Academic journal article Journal of Anthropology

Traditional Birth Attendants and Policy Ambivalence in Zimbabwe

Academic journal article Journal of Anthropology

Traditional Birth Attendants and Policy Ambivalence in Zimbabwe

Article excerpt

Academic Editor:Kaushik Bose

Sociology Department, University of Zimbabwe, P.O. Box MP 167, Mount Pleasant, Harare, Zimbabwe

Received 20 September 2013; Revised 23 December 2013; Accepted 24 December 2013; 7 May 2014

This is an open access article distributed under the Creative Commons Attribution License, which permits unrestricted use, distribution, and reproduction in any medium, provided the original work is properly cited.

1. Introduction

African traditional healthcare is grounded in thousands of years of knowledge and has sustained life, on its own or in concert with Western medicine. A traditional birth attendant is defined as a person who assists the mother during childbirth and initially acquired her skills by delivering babies herself or through apprenticeship to other TBAs [1]. According to Kruske and Barclay [2] approximately half of all births in developing countries are attended by traditional birth attendants (TBAs) and as many as 95% of women are attended by TBAs. It is against this background that I argue that rather than continuing to develop interventions grounded in a Western medicine world view of healthcare there is need to develop programs that are inclusive of healers who reflect the sociocultural beliefs of the community. There is also need to understand the local context and value traditional knowledge systems. Such calls are themselves not a new phenomenon; for example, Jordan [3] called for the replacement of top-down, culturally inappropriate, biomedically oriented models with those of mutual accommodation. This is what Graham [4] calls the "partnership paradigm," that is, the mutual cooperation of biomedical and indigenous systems. However, it is at the interface between biomedical (Western) and indigenous systems that problems arise and also lie. The worldwide hegemony of Western biomedicine makes mutual accommodation an elusive goal.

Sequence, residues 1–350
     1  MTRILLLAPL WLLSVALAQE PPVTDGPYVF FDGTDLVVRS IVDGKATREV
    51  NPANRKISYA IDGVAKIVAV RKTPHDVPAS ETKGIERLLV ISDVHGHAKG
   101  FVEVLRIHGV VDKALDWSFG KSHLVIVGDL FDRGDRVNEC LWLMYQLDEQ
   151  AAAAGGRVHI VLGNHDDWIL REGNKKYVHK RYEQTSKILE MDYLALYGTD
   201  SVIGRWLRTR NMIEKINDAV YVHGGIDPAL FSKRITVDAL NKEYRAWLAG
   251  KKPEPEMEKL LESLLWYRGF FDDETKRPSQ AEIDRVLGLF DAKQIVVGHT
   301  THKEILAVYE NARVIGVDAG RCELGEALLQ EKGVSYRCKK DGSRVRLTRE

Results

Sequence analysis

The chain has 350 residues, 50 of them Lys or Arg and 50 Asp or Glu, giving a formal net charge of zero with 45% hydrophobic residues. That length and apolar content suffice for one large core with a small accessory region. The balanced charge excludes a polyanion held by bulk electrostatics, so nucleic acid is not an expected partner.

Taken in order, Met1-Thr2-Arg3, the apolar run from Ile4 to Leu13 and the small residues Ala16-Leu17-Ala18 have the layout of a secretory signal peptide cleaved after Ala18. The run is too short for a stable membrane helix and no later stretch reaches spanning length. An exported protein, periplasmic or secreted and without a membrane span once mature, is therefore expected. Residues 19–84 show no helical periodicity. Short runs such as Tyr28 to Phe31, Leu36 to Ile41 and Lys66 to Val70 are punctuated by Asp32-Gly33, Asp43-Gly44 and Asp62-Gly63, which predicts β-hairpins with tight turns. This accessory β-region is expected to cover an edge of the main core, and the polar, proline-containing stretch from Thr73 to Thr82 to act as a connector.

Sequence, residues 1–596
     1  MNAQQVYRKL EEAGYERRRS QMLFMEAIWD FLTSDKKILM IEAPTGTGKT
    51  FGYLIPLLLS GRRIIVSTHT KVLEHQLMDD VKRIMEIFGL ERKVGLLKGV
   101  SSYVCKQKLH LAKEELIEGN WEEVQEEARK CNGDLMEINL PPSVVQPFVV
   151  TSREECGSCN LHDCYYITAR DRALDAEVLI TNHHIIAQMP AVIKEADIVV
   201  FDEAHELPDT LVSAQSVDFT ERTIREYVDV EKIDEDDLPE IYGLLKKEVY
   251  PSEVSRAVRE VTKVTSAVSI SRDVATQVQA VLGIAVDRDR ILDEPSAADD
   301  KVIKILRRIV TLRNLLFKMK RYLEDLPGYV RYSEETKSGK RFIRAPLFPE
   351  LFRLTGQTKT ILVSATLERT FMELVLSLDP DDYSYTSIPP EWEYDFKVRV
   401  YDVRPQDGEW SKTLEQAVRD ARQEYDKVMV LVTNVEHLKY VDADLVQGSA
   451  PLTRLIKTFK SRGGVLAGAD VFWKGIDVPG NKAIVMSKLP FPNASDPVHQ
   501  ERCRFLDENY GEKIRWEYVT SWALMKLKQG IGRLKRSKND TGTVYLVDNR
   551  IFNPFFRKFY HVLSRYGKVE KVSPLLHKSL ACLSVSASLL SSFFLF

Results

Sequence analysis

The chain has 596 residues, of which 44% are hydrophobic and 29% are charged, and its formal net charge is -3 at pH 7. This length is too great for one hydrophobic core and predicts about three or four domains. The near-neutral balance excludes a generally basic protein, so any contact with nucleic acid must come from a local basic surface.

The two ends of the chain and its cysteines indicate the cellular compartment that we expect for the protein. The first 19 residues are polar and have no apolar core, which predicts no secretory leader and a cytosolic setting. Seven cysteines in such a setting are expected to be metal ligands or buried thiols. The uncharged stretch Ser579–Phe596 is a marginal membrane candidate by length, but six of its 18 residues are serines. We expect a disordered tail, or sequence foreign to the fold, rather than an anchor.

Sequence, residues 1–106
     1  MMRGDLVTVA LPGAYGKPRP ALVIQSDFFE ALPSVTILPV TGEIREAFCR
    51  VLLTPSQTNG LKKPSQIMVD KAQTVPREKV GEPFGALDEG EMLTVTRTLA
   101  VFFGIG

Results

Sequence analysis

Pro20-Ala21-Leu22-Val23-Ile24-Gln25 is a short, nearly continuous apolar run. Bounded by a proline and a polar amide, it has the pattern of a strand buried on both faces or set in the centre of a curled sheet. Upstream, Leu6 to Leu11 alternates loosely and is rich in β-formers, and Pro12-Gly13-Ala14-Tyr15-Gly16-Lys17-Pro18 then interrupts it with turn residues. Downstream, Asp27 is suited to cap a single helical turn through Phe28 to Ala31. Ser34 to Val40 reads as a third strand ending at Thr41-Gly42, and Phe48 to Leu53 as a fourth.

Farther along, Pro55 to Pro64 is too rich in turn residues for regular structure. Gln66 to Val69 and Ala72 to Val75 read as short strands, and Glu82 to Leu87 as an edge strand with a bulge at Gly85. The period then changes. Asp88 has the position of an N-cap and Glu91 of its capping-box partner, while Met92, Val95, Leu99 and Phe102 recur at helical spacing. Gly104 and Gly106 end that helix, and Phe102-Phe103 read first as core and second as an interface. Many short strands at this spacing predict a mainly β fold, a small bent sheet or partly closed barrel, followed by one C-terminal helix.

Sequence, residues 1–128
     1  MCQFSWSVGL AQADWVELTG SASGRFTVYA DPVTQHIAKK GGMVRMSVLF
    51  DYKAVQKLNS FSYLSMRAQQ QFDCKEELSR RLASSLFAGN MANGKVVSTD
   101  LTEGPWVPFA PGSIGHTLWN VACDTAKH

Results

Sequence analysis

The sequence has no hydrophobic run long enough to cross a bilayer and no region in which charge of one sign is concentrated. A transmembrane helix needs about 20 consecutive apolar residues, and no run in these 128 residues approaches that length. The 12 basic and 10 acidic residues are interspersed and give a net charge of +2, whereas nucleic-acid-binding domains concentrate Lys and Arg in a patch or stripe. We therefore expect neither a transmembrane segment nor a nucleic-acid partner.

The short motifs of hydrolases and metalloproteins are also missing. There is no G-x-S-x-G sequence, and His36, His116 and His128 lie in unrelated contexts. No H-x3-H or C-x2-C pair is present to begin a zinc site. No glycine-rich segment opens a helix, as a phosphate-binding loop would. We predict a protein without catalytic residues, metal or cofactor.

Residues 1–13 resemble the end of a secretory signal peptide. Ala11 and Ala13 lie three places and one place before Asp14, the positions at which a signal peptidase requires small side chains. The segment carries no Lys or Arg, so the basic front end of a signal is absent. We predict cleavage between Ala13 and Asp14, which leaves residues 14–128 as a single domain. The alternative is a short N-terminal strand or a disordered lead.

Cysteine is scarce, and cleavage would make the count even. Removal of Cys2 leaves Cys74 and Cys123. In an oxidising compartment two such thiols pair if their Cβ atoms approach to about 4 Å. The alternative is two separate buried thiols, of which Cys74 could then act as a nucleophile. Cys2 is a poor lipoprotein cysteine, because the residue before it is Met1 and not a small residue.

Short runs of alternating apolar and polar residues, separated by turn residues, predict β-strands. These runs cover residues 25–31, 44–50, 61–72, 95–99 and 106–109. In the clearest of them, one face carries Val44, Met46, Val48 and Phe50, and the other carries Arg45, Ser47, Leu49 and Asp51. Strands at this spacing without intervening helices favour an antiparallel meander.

Globally, TBAs assist in 60-80% of all deliveries and even more in the rural areas of developing countries. For many women living in the global south, antenatal care as well as institutional deliveries with skilled health workers remains a distant reality. Inclination towards home births supervised by TBAs is associated with cultural norms and religious beliefs as well as cost and accessibility of the services. Many countries, including Zimbabwe, often have a shortage of trained medical professionals and maternal health care is thus usually provided by TBAs [5-7]. TBAs speak the local language, have the trust of community members, provide psychosocial support at birth, and are thus an integral part of African medicine [8-11]. Though their number in developing countries is not known, conservative estimates suggest that there will be about 180 million nonskilled birth attendants in sub-Saharan Africa by 2015 [12].

2. The Zimbabwean Context

In sub-Saharan African countries many child bearing women are still being attended by TBAs and relatives at deliveries [12, 13]. The literature shows that births without skilled personnel and without access to life-saving drugs are the commonest practice for millions of mothers in the poorest countries where mortality rates and morbidity of the mothers are the highest [12, 14]. Recent statistics indicate that across the world 287,000 women die in pregnancy and childbirth every year [14]. This is translated as one mother dying every 2 minutes, 800 each day. In Zimbabwe, ten women die every day of pregnancy-related complications [15]. Moreover, 7-10 million women and girls suffer severe or long lasting illnesses caused by pregnancy and childbirth complications [14]. The use of unskilled personnel (including TBAs) is argued to be among the reasons for the high maternal and infant mortality rate in sub-Saharan Africa. This has been influenced by a global policy shift from TBA-focused intervention to skilled attendance and institutional birthing. For more than three decades, the WHO and other agencies of the United Nations promoted training of TBAs as a global public-health strategy to reduce maternal mortality [16]. …

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